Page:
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Refresh and try again. Haasse ,. Anita Miller Translator. Series by Hella S. Mevrouw Bentinck 2 books by Hella S. Quotes by Hella S. He can - as you know - die of thirst even when he has the clearest water within his reach. To be free No one has to drag along more ballast than he wants to and he who allows himself to be bound is a fool.
The biggest fools are those who wear shackles of cobwebs and believe themselves to be helpless. Er is ooit een toestand van volmaakt geluk geweest die men in de loop van de tijd onophoudelijk verliest, vergeet.
Toch blijft men geloveen dat die ergens in het verleden verzonken is en hervonden kan worden. Haasse, Berichten van het Blauwe Huis. Dan vind je een idiote vraag, en je hebt gelijk. Blijf dat nou net zo idioot vinden, als het mensen betreft. Anders zijn - dat is gewoon. Iedereen is anders dan een ander. Ik ben ook anders dan jij. Maar minder of meer zijn door de kleur van je gezicht of door wat je vader is- dat is nonsens. Oeroeg is immers je vriend? Als hij zo is dat hij je vriend kan zijn- hoe kan hij dan ooit minder zijn dan jij, of een ander?
Haasse, Oeroeg. See all Hella S. Which book should be our May group read? Historical Fiction. Wide Sargasso Sea by Jean Rhys. Orlando by Virginia Woolf. The Tin Flute by Gabrielle Roy. Company of Liars by Karen Maitland. The Hourglass Factory by Lucy Ribchester. An Undisturbed Peace by Mary Glickman. Topics Mentioning This Author. Welcome back. Just a moment while we sign you in to your Goodreads account. Oeroeg 3. Rate this book Clear rating 1 of 5 stars 2 of 5 stars 3 of 5 stars 4 of 5 stars 5 of 5 stars.
Heren van de thee 3. Want to Read saving… Error rating book. Haasse , Anita Miller Translator 4. Sleuteloog 3. Transit 3. De verborgen bron 3. The Scarlet City 3. De ingewijden 3. Het tuinhuis 3. Fenrir: een lang weekend in de Ardennen liked it 3. Challenge: 50 Books: Dini's List for - 50 and ongoing. Goodreads Librari Challenge: 50 Books: Qixochitl's 50 books.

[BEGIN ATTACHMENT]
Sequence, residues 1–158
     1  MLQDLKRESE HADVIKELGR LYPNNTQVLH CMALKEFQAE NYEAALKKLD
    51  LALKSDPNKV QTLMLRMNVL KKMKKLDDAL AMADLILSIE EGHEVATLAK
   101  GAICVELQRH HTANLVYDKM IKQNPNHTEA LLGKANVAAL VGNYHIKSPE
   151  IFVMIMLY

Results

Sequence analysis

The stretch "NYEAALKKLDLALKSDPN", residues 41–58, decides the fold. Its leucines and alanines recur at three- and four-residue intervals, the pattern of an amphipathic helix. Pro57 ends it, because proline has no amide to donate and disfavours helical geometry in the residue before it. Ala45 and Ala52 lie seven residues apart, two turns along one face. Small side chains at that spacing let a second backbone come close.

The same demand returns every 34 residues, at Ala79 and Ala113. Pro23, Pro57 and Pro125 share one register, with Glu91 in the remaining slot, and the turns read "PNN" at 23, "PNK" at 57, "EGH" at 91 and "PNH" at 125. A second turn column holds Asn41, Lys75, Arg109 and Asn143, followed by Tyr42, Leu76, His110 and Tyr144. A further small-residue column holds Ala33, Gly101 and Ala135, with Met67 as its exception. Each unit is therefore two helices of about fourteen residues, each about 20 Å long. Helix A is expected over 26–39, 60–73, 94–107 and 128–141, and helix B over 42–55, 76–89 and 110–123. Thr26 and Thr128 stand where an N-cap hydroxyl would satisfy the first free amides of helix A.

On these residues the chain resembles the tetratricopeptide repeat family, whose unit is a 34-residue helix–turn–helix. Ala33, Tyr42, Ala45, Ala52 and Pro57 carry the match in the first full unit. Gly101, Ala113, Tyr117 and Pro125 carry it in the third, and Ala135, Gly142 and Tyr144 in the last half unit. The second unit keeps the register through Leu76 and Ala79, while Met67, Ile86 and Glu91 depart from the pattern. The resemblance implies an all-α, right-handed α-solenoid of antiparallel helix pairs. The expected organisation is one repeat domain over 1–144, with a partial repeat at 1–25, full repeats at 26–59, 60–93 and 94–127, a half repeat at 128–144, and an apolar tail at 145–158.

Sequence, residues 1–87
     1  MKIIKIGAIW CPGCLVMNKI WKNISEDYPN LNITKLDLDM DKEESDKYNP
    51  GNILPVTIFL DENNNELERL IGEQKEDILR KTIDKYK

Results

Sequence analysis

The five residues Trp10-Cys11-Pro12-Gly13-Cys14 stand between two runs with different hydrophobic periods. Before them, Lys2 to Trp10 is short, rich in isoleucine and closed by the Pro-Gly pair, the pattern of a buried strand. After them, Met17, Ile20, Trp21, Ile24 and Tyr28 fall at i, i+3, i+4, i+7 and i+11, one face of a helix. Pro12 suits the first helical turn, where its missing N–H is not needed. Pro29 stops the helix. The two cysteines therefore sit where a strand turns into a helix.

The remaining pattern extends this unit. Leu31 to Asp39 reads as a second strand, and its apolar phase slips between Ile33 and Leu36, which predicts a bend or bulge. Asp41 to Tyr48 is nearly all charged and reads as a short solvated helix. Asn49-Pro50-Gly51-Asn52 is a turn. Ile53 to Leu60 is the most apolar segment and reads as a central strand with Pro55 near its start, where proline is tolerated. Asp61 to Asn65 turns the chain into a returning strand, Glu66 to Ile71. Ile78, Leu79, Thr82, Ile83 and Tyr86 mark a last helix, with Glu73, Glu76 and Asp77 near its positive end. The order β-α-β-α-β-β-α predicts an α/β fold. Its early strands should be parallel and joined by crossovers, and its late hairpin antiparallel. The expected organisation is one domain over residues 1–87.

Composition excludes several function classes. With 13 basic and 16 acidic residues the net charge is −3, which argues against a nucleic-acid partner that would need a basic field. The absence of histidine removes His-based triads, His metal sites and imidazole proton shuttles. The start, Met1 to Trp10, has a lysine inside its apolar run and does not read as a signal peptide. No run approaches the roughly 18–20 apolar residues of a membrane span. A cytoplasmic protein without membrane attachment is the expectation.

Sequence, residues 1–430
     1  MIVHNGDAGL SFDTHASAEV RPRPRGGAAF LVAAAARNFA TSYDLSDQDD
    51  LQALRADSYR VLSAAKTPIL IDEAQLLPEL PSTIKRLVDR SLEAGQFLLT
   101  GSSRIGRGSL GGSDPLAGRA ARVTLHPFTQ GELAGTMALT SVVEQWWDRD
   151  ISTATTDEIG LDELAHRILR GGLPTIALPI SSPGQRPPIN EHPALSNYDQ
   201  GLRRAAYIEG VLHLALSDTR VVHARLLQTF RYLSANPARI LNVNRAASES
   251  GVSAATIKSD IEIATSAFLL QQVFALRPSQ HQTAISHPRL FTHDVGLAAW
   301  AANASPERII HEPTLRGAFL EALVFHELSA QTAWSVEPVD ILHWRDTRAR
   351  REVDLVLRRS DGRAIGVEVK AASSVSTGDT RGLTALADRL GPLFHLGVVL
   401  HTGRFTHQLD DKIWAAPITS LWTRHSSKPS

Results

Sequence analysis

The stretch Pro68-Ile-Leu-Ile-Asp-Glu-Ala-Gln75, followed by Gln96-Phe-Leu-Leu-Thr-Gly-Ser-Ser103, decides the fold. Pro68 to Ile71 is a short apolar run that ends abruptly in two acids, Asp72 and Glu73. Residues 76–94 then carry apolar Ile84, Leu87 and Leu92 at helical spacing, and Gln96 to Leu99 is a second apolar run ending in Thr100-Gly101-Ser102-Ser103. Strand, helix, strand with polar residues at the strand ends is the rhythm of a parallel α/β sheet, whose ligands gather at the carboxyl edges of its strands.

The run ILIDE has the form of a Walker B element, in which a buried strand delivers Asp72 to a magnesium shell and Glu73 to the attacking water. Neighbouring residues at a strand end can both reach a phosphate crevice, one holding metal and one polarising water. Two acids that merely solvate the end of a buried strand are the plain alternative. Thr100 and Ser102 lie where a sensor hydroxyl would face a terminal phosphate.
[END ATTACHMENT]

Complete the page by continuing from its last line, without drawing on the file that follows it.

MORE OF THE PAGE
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Two friends living in Dutch colonial West Java, a Dutch boy and a native local, are torn apart by the march of history and Indonesia's fight for independence. She moved to the Netherlands when her mother fell ill, but moved back to Batavia in After high school she decided to study Scandinavian Languages and Literature in Amsterdam. She is famous for her novels, poetry, essays, and travel experiences, and Oeroeg , her second novel, earned her public recognition. The events described in the book are written as a flashback. Set in the 40s and 50s in the Dutch Indies now Indonesia , the novel describes a friendship between two boys from completely different backgrounds. When they are young, their linguistic and cultural differences do not matter to them, but later on, as these contrasts grow more obvious, the boys are driven apart.
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First published anonymously in , it has become one of the best-known Dutch novels and a staple of literary education for many Dutch school children. The novel, a Bildungsroman , is set in the Dutch East Indies , and tells the story of an anonymous narrator growing up on a plantation in the Dutch colony West Java. His childhood friend is a boy of the same age, but of native descent. As the narrator grows up he finds himself becoming estranged from his friend, as a result of the political and racial circumstances of colonial life. After having served in the army during World War II, he returns to his native land, only to be told that this is not where he belongs, and that he must leave. Oeroeg was published in , at a time of great anxiety in the Netherlands over the future of their colony in the East; after the end of World War II it became clear quickly that Indonesia would be independent one way or another, and that the Netherlands would have to reconsider their status as a colonizing nation and, thus, the attendant claims of intellectual and cultural superiority.
For many Dutch people, Oeroeg was an eyeopening introduction to race relations in the colonial Dutch East Indies. In the brief scope of a novella, Haasse illuminates the fundamental problems of the colonial system. From early childhood, the white narrator of the story has been inseparable from his friend, a native boy called Oeroeg. Both gradually discover the nature of their positions in the colonial world. Many whites treat the natives in a careless, even reckless manner. The native boy develops into a young nationalist.